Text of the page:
My take: Re-sign him, focus draft assets on other positions. (P.S. I’m not sure the Raiders agree)

LB Vontaze Burfict: The Raiders defended Burfict at every turn after he was suspended for the final 12 games of the 2019 season after an illegal hit against Indianapolis that got him ejected. A major suspension, maybe even an outright ban, is possible if he makes a similar mistake. I still think the Raiders re-sign Burfict despite those facts. Paul Guenther loves him as a friend and field general but obviously will have a quality Plan B in the middle.
My take: I believe Burfict comes back.

RB Jalen Richard: The third-down back saw fewer carries than he is accustomed used to but is a quality receiver and an excellent pass protector. He’s a tougher runner inside than you’d think and is a big play waiting to happen. Josh Jacobs might be the featured back, but Richard’s an important part of that position group.
My take: Re-sign him right away.

KR/PR Dwayne Harris: Jon Gruden loves Harris, but the lightning-quick special teams standout hurt the Raiders more than he helped in 2019. He was unavailable most of the year and will be 33 next season. The Raiders need to find a new return man.
My take: Let him walk.

[RELATED: Five key offseason questions Raiders brass must answer]

DE Benson Mayowa: The veteran was a situational pass rusher who had a bunch of sacks early and faded late. His career-high seven sacks should provide a solid payday, and he’s going to whichever team is the highest bidder. That team won’t be the Raiders.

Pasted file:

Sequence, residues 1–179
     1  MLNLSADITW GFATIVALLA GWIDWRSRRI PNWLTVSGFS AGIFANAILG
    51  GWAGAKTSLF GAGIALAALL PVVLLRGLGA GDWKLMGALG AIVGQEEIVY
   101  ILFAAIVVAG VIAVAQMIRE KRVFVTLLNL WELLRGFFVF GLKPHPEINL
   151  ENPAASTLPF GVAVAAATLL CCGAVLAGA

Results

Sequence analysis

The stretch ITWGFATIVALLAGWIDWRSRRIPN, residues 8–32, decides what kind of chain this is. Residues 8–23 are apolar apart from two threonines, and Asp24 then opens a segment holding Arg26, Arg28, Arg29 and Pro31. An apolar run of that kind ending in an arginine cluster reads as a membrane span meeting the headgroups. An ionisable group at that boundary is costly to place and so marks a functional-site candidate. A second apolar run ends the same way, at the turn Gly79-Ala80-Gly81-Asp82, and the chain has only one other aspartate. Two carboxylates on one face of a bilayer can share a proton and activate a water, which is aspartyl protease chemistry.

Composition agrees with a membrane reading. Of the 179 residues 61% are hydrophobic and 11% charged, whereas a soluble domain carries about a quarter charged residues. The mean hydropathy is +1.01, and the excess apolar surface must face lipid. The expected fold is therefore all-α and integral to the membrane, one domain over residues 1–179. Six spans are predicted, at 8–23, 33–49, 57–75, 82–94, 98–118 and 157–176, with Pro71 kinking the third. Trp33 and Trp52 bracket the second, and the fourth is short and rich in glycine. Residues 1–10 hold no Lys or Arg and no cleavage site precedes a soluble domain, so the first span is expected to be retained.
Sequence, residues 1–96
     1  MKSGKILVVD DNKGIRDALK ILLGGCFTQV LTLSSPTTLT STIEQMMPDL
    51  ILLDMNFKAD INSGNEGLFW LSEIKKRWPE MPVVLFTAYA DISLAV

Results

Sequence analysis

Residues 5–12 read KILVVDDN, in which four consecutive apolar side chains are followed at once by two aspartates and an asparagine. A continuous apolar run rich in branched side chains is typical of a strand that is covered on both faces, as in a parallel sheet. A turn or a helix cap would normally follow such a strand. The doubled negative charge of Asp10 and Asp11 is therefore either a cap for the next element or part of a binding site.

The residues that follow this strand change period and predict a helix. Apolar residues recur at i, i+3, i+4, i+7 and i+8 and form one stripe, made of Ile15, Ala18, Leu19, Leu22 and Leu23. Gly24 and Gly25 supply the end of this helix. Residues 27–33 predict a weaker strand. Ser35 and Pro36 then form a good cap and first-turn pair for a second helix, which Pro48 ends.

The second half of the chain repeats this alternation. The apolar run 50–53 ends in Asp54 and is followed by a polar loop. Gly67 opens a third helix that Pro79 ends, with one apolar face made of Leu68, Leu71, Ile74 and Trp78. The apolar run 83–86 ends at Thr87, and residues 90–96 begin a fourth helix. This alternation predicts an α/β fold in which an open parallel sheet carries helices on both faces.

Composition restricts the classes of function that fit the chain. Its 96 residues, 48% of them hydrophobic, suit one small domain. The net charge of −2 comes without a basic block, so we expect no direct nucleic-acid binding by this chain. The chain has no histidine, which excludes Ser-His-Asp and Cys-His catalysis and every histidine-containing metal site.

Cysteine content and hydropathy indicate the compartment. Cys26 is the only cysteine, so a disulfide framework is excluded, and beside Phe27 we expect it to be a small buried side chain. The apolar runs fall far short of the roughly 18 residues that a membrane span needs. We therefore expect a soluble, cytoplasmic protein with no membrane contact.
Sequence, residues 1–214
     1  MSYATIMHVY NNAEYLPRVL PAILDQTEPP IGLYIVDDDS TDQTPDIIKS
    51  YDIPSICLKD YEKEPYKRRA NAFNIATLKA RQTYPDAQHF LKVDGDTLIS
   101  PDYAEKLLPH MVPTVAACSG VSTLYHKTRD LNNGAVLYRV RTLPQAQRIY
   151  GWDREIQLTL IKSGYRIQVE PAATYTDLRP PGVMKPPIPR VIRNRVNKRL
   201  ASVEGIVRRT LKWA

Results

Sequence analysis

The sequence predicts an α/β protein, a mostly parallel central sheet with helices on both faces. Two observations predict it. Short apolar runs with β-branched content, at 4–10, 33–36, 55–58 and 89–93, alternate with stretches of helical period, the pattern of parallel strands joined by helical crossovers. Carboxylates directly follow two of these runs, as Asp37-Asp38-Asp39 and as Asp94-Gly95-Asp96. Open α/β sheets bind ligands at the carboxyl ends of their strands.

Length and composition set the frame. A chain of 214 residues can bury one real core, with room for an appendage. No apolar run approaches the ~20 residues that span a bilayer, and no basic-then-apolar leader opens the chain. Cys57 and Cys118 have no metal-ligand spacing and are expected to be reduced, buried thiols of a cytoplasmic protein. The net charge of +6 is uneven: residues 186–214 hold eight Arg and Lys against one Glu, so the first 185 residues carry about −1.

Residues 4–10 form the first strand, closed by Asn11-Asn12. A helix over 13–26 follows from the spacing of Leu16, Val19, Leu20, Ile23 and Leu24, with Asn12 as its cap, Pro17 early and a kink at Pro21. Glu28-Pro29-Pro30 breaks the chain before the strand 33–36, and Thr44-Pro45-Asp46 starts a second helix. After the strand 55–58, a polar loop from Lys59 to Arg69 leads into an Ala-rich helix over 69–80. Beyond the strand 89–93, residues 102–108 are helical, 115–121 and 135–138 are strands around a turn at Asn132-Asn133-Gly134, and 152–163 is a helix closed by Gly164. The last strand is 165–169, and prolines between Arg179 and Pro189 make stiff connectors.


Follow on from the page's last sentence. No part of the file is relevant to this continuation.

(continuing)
My take: Mayowa’s on the move.

LB Will Compton: The veteran was pondering retirement before the Raiders came calling during the season but proved he can still play. Compton’s a sure tackler, a smart player, and a great locker-room presence. He could help on special teams and provide a veteran Plan B for Burfict, mentoring a linebacking group that should feature some highly-touted additions.
My take: Bring him back another year.

DL Dion Jordan: Gruden and Guenther called Jordan a Las Vegas Raider several times last season. They found a diamond in the rough, with Jordan on the right path and in great shape following a 10-game suspension to start the season. The Raiders liked his interior pass-rush ability and need it again next year. I believe the Raiders want him back and that Jordan wants to return, but another team might throw a bigger compensation package at him. He takes it if that happens.